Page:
This is a list I give to my sellers to prepare them for when they receive an offer for their home in Olympia, WA.
1. The buyer’s agent contacts me with the offer. The buyer’s agent will deliver the offer to me; then I will contact you so we can review the terms and discuss the response to the buyer.
2. Offer may not be full price. Don’t be offended if the buyer’s offer is not full price and if they ask for you to pay their closing costs. Both sides need to be willing to negotiate.
3. Multiple negotiation stages. Negotiations don’t just happen at the beginning of the offer. There will be other times during the transaction where buyer and seller can negotiate the terms. You potentially can negotiate:
- after the buyer’s home inspection;
- after the appraisal;
- and even (although extremely uncommon) negotiate just before the closing date.
4. Buyer’s list of contingencies. Buyers will have a list of contingencies that they need to satisfy as part of their process in purchasing the home. If a buyer is not satisfied with a contingency, then they can back out of the transaction and get their earnest money returned to them. Most contingencies are satisfied within the first 10 days of mutual acceptance. Common contingencies for buyers are:
- Home inspection
- Obtaining financing
- Neighborhood review
- Title report review
- Obtaining homeowner’s insurance
- Buyer’s home for sale
5. Special note about home inspections. As a seller, you agree to allow the buyer to have a home inspection. This home inspection is at the buyer’s cost. The buyer’s agent will schedule the appointment with you and you should be gone from the home. A home inspection can take about 3 hours. After the home inspection, the buyer’s will respond with four choices:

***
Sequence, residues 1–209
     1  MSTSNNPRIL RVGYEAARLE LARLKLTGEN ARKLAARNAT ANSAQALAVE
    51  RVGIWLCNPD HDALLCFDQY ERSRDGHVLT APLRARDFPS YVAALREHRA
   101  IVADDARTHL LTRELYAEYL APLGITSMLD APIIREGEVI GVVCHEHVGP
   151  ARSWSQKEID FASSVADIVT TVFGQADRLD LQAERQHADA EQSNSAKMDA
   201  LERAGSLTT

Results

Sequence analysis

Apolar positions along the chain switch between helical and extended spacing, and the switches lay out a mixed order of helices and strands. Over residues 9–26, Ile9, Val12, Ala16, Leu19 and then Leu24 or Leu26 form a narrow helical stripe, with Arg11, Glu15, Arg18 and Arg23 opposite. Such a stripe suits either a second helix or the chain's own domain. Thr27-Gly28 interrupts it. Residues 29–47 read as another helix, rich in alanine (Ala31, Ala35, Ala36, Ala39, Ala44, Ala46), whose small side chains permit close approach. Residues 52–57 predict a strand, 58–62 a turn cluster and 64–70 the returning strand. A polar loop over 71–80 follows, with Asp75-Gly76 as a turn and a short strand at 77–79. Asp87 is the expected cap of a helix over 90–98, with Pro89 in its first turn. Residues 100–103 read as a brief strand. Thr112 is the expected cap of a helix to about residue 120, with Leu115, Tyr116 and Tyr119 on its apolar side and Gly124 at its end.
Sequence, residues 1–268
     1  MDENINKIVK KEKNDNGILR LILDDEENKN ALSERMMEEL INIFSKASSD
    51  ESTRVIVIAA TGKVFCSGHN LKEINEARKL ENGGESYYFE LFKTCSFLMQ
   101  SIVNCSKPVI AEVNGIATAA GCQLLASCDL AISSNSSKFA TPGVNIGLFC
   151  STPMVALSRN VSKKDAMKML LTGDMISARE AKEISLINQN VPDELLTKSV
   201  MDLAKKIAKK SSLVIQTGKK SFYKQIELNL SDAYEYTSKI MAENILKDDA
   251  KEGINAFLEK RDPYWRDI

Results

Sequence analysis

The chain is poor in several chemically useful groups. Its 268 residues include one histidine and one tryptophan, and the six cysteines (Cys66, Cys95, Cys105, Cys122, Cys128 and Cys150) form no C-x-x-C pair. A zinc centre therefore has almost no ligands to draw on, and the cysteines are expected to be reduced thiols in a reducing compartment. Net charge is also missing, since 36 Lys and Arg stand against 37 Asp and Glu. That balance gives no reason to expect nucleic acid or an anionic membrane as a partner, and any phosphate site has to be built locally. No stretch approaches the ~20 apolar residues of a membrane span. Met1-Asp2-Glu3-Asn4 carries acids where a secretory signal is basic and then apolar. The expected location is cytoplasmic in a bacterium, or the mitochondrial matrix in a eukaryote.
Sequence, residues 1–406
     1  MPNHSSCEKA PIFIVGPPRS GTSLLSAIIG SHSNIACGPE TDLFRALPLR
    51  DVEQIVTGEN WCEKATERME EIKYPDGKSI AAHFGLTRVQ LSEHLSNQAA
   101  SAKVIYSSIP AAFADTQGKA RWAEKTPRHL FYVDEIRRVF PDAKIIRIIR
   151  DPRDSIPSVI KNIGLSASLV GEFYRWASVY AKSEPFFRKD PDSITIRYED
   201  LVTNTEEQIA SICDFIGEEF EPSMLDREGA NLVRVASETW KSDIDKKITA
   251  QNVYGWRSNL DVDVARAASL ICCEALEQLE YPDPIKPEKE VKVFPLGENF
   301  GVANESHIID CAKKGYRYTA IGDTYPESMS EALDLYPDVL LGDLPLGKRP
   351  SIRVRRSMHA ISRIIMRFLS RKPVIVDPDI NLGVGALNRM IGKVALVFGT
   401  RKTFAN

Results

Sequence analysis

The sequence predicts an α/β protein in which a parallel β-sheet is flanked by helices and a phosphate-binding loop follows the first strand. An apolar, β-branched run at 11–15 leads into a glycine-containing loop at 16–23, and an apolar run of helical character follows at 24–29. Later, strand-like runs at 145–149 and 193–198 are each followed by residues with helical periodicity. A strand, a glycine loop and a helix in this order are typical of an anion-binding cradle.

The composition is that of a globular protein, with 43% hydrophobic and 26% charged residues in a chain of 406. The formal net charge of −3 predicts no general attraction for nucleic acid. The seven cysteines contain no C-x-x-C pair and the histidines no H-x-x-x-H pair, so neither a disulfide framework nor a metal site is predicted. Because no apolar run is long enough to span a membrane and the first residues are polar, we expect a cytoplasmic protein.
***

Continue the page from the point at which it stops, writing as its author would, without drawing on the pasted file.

- the buyers will not ask you for any repairs;
- the buyers will ask you to repair specific items;
- the buyers will ask for more time to have additional inspections;
- the buyers are dissatisfied with the inspection and are rescinding their offer.
6. Earnest money. The buyer will offer earnest money, but this money goes into a third-party trust account, which in many cases is the escrow company. It does not go to you unless the buyer terminates and breaches the contract.
7. The appraisal. The buyer’s lender will hire an appraiser to come out and view the house, measure the house and take photos. The appraiser will contact you to set up an appointment. Most appraisers have lockbox keys, so you do not need to be at the house.
8. Signing closing documents. Prior to the close date, you will need to be available to sign your closing papers with the escrow company. You will not be at the signing table with the buyers. In fact, you may never meet the buyers.
9. What to leave behind. Please give me or leave behind all house keys, mailbox keys, garage door openers, etc. Also leave behind any instruction manuals or warranty information for appliances, etc. and any household receipts and invoices for completed repair work.
10. What to take with you. Remove trash. You can leave behind extra paint but not other hazardous materials such as gasoline, paint thinner, pesticides, etc. Leave the home as clean as you can.
Keep in mind that all offers and transactions are unique; this list represents some common elements of an offer.